1519), protein-sparse exit sites in the BM pave the way for this cellular escape.
The signals required for blood cells to adhere to sites of vessel inflammation and to squeeze through endothelial cell (EC) junctions are well defined. But it is unclear how the cells then traverse the tough, underlying network of BM proteins. Migrating cells, such as neutrophils, produce proteases that can cleave BM proteins, which may help the cells drill through the BM.
But Wang and colleagues favor a less destructive model, as drilling holes in the BM could inflict irreversible vessel damage. They now show that steady-state expression of certain (but not all) BM proteins—including laminin 10 and collagen IV—is patchy in small veins, creating discrete areas of low protein expression. Most of these low expression regions were aligned with both EC junctions and gaps between pericytes—structural cells that help synthesize BM proteins. These protein-sparse regions appeared to be the preferred sites for inflammation-induced neutrophil exit.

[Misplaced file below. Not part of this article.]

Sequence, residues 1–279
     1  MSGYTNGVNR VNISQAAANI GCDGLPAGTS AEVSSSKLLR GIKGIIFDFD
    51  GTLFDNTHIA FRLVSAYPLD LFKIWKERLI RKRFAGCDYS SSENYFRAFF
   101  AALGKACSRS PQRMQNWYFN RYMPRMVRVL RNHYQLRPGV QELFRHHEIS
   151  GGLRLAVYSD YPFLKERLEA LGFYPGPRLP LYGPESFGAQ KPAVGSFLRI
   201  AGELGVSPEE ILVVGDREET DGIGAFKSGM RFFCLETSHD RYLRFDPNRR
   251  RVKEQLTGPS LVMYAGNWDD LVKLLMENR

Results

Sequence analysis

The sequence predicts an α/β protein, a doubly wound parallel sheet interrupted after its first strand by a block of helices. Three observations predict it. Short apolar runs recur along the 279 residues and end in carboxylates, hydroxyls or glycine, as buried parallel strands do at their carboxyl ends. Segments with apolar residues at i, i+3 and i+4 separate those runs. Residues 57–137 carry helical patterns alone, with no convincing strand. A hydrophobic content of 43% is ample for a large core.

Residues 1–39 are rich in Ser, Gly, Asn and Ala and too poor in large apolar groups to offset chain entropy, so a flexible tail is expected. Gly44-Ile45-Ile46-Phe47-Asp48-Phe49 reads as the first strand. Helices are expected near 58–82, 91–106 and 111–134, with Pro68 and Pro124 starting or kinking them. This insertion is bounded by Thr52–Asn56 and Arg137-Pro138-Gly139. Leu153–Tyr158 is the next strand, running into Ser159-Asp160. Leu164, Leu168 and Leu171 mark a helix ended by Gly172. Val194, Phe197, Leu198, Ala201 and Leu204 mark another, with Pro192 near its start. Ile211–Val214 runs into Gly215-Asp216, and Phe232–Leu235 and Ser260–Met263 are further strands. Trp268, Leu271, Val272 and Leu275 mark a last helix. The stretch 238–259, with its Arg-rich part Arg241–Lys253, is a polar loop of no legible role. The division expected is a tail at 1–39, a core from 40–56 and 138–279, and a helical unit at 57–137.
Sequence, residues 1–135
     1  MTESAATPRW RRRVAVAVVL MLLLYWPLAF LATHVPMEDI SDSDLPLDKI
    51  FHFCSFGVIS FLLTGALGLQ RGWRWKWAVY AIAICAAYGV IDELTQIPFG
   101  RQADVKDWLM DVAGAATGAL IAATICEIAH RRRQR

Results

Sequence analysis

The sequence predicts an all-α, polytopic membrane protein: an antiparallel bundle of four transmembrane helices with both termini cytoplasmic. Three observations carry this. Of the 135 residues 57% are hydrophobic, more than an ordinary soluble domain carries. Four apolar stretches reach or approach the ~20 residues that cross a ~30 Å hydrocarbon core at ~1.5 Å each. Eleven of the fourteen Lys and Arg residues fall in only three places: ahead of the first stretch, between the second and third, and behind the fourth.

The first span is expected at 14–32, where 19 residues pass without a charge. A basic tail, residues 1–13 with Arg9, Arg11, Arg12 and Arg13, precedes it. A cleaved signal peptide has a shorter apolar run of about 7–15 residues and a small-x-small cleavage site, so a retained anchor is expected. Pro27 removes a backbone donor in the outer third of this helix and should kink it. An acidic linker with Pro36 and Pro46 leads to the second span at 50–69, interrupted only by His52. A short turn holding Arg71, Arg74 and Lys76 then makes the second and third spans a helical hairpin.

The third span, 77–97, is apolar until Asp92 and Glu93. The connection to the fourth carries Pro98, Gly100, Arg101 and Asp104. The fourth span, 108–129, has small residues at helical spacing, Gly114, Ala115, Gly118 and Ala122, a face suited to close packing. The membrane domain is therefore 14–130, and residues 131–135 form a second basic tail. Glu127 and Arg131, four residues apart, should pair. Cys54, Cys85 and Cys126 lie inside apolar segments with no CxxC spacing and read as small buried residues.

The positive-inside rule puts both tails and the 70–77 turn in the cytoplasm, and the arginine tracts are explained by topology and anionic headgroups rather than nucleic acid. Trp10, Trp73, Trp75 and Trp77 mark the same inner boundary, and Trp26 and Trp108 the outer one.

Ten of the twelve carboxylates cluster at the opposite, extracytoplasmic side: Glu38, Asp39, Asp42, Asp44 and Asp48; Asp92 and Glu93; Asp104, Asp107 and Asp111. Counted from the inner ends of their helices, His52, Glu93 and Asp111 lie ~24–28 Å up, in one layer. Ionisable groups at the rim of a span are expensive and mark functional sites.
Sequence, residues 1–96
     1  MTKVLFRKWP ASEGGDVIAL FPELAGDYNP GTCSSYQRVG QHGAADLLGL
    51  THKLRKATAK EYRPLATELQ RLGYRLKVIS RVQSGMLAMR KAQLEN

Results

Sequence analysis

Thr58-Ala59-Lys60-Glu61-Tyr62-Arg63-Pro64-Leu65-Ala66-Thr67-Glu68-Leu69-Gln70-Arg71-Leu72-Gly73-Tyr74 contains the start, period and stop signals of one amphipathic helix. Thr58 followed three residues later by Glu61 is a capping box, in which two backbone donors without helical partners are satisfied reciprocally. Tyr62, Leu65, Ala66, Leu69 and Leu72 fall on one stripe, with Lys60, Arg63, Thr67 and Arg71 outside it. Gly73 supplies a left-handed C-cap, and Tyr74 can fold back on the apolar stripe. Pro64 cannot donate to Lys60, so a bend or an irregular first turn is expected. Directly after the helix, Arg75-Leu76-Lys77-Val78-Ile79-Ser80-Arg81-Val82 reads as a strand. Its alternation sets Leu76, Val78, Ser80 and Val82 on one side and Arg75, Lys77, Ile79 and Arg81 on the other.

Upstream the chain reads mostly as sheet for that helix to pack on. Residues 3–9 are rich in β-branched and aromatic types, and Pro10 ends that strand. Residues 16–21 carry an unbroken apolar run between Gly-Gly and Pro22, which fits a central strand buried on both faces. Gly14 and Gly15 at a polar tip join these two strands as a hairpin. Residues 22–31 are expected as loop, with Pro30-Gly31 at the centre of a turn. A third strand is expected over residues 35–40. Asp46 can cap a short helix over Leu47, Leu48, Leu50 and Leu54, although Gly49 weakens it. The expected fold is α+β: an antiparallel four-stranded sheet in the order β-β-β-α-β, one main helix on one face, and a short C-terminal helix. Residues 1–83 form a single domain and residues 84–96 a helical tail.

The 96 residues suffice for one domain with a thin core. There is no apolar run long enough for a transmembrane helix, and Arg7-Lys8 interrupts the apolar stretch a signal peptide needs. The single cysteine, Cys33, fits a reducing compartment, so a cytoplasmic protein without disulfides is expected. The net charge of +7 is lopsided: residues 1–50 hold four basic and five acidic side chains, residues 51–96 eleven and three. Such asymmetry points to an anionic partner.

These data suggest that exiting neutrophils take the path of least resistance, a finding that makes perfect sense to senior author Sussan Nourshargh. “If you have a door, you use it,” says Nourshargh. “You don't blast through the wall.”
How neutrophils find these sites, and whether other cell types use the same exits, is now under investigation.